One evening a few weekends ago, we did not feel like going home yet after a comfort-food type dinner at Himawari on 2nd Avenue. And so, we ventured over to the theater nearby and chose “In Time.” The premise of the story sounded really interesting. However, the story line failed miserably to exploit it and the impressive cast chosen for it. In this post-post-millenium world, everyone stops aging when they reach the age of 25. However, instead of money as currency, it’s time. You earn additional time in your life, i.e., hours, days, months, years, if you work, steal, gamble, play. The wealthy around you have hundreds to thousands of years to live. When you want to buy something, you give up any earned time. If you run out of time, you die. Simple as that. Good premise. Unfortunately, bad execution in the movie. But time as a medium of exchange, as a prime commodity, as a coveted prize instead of money was very intriguing.
I had read a Stanford GSB article on Money, Time, and Happiness based on the research of Jennifer Aaker and Melanie Rudd, both from Stanford, with Cassie Mogilner from UPenn. Most people ultimately equated their happiness or contentment with having more time, not more money. It’s quite an interesting concept. And the more I thought about it, the more I have to agree. Our generation has been running itself ragged to earn more and more. But it’s when we spend time with the people who matter most to us, when we help the unfortunate, when we engage in activities that can make a difference in the lives of others—these are the times when we are truly alive.
I wish I had more time to savor the moments that I enjoyed over the years: raising our daughter, enjoying a walk or hike with Louie and our dog, Luke, celebrating a milestone, traveling and just being in the moment of a new experience or a new place. Like entering the caves in Goreme, Cappadocia where people lived as long as 700 years ago or having coffee in a sidewalk cafe in Seville where we could hang back and watch people come and go. Like witnessing an entire group of young children evolve into young adults right before our eyes as we attended their graduation. I just wish I could hold on to these moment for a second longer so I can savor it, roll it around in my head and feel the embrace of peace it instills in me.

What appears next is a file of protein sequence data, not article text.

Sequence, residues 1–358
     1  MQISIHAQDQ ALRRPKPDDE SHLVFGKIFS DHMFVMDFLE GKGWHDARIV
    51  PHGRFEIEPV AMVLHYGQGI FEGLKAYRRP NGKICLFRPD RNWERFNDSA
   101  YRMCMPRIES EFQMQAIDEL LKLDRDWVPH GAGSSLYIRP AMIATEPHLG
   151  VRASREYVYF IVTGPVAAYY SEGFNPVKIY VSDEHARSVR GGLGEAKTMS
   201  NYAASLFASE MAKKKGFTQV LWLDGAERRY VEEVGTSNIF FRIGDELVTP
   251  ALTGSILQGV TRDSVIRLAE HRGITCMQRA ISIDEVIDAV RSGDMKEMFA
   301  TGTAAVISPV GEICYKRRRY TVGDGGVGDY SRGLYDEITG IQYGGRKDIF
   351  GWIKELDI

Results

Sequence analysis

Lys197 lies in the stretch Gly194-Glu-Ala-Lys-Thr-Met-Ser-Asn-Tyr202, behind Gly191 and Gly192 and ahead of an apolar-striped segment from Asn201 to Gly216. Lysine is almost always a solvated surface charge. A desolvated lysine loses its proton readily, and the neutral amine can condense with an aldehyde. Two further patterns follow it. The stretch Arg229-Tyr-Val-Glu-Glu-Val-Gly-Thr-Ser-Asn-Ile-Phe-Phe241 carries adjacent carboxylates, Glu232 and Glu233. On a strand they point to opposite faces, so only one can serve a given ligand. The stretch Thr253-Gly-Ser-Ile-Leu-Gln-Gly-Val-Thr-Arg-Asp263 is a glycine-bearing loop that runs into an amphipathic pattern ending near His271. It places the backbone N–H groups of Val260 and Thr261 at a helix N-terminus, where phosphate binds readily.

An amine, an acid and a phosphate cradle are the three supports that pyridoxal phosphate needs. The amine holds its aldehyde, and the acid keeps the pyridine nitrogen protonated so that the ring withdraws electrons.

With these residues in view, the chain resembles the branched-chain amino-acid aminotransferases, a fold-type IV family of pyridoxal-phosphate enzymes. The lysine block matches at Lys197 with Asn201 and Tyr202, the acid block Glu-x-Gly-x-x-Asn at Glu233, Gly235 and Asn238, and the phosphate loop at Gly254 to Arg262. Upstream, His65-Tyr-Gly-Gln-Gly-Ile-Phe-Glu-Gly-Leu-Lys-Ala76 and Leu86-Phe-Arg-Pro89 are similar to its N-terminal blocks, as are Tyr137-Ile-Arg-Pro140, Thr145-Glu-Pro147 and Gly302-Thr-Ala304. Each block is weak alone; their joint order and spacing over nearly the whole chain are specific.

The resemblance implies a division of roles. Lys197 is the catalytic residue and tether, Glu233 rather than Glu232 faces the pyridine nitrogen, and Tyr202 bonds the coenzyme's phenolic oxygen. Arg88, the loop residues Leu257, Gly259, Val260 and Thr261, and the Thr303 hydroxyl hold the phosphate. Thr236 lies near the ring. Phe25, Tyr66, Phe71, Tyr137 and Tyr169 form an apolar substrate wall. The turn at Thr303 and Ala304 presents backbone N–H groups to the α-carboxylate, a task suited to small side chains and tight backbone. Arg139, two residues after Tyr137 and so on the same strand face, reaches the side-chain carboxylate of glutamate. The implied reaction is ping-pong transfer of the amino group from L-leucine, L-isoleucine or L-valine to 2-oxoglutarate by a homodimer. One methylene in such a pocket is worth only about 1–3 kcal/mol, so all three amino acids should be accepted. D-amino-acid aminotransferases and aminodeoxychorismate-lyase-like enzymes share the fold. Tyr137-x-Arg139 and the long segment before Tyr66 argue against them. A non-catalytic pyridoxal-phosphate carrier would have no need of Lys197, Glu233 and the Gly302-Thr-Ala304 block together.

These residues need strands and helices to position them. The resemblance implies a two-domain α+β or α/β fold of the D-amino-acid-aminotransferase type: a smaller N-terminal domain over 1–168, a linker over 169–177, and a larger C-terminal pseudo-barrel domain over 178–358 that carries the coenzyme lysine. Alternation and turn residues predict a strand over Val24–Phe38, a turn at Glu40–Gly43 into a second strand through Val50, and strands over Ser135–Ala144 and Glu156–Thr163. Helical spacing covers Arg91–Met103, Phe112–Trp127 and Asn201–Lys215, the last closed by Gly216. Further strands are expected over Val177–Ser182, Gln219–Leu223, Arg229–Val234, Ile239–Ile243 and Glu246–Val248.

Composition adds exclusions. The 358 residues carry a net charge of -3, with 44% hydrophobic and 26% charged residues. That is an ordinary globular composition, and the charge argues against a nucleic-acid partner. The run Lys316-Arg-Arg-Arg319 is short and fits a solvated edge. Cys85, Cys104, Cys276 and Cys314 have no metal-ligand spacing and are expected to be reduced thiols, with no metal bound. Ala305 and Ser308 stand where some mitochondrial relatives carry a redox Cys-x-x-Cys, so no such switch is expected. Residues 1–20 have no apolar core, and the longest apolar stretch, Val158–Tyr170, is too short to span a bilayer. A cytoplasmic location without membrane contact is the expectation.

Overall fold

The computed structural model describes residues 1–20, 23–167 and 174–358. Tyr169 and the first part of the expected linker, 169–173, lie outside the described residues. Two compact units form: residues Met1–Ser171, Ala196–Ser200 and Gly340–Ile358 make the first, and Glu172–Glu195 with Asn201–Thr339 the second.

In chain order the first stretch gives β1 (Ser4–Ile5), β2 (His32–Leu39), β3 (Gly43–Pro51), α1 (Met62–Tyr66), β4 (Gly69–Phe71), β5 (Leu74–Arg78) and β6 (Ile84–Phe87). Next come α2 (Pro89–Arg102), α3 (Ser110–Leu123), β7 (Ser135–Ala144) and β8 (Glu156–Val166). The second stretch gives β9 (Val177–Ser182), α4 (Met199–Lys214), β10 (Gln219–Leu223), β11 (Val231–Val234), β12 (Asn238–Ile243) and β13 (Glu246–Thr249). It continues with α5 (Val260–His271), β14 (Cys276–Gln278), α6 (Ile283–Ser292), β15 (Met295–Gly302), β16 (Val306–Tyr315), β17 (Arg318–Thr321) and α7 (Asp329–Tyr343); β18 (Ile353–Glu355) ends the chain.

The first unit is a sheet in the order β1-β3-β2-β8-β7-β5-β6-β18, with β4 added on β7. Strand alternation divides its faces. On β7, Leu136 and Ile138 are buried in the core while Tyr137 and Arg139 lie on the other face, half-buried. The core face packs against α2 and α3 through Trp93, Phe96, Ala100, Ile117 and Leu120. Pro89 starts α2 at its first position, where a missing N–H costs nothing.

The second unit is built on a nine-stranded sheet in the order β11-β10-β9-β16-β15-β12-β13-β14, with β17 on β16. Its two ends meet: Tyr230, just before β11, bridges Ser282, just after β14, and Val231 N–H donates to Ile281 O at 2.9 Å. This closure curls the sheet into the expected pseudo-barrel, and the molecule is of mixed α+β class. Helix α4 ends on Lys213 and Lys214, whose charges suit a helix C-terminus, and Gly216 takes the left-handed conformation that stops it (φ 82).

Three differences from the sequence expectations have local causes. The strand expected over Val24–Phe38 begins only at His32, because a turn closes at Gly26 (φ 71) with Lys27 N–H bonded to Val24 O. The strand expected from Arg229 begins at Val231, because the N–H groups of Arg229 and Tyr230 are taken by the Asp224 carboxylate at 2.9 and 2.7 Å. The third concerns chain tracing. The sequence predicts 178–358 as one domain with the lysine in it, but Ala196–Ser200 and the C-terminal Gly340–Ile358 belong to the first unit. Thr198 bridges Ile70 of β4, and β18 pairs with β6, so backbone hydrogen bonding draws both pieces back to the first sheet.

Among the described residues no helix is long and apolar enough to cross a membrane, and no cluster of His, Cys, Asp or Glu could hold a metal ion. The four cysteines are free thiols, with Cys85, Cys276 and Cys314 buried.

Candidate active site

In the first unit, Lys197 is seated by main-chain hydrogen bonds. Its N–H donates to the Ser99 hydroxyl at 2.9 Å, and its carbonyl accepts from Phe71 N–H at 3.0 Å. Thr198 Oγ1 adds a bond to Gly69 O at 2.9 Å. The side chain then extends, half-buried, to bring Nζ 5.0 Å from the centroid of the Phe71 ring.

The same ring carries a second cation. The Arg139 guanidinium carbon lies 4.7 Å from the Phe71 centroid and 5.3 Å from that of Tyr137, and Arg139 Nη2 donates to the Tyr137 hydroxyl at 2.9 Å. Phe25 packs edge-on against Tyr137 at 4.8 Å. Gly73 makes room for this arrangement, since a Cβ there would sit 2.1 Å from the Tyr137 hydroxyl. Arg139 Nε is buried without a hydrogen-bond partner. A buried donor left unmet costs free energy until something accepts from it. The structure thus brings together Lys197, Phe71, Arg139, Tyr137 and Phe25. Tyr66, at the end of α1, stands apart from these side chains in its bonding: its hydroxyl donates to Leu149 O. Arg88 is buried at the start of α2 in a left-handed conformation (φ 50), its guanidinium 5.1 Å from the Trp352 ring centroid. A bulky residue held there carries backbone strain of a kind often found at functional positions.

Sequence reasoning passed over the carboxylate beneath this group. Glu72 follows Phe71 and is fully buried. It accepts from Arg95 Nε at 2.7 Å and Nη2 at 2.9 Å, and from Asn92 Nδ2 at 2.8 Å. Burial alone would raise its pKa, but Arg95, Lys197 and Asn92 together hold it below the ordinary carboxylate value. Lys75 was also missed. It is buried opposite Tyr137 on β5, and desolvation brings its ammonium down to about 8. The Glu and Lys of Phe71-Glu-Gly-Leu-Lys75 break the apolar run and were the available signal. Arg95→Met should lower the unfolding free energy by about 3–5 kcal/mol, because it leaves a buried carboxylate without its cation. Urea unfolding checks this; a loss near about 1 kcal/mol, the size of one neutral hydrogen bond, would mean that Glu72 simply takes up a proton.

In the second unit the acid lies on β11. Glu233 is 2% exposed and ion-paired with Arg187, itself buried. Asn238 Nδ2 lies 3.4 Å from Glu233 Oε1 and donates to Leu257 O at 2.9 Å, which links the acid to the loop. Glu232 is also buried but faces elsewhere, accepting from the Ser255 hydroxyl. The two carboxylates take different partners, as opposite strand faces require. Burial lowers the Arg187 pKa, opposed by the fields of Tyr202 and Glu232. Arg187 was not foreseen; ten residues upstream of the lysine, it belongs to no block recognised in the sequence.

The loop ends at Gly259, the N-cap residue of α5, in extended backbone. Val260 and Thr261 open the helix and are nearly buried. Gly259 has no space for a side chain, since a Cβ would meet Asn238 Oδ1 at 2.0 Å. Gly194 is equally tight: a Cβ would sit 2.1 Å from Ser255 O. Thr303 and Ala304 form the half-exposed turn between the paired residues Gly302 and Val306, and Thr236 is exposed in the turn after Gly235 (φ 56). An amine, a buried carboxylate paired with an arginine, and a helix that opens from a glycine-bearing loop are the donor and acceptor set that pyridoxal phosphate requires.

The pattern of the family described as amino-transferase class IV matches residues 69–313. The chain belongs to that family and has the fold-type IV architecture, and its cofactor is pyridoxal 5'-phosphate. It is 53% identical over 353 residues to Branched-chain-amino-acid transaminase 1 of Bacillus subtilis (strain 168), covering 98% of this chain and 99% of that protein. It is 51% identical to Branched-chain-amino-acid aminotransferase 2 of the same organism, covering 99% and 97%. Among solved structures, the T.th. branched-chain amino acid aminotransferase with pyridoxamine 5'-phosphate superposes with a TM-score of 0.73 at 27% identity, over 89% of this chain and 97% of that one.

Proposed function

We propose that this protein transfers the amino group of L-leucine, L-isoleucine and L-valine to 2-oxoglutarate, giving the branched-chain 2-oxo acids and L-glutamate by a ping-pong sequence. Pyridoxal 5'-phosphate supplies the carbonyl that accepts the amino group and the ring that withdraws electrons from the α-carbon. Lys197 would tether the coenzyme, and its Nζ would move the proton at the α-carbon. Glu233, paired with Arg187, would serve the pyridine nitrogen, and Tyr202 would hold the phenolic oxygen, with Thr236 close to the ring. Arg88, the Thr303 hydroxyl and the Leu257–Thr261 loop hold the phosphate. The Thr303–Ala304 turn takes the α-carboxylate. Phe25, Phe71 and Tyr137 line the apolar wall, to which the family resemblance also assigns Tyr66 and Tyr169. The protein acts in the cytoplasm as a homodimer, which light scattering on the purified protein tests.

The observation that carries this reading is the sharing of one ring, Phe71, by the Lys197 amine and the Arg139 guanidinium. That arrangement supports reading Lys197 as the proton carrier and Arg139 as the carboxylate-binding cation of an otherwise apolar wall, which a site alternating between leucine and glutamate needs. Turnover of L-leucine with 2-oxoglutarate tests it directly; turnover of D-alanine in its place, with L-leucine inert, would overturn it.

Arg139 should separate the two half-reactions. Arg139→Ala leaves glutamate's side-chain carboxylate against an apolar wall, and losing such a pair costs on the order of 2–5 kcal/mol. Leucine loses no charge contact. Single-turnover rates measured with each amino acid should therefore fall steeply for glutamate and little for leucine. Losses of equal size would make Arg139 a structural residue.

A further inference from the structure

They say that younger people tend to equate happiness with excitement. They need the adrenalin rush of elation. You know you’re getting older and wiser when you seek peace and calm instead and find exquisite pleasure in something more serene.
Somehow, spending time and catching up with friends is more valuable than before: Taking the time to listen and imagine what is being said in the context of the person, his/her environs, all that has happened over the years. No more self-righteous opinionated judgmental thoughts. Just quiet understanding. Time.
Have you ever considered offering your time to your loved ones and friends? To be present for them, not just physically, but in all aspects you can give, so you can hear what they’re not saying or see what they can’t seem to bring themselves to show you? Time. Like sitting with a toddler while he figures out how to stack blocks as high as he can reach. Or watching a rerun with your aging parent even if you can’t relate to the 60’s era car chases. Time. It’s a precious commodity, far more valuable than money. As the year comes to its conclusion, perhaps, we should give out increments of our time to everyone important to us. It would make for such a great gift—the gift of your time!
- Research Finds Time As A Means to Happiness (gsb.stanford.edu)
- Happiness Means Different Things (bprao.wordpress.com)
- This holiday season, just give them what they want (ctv.ca)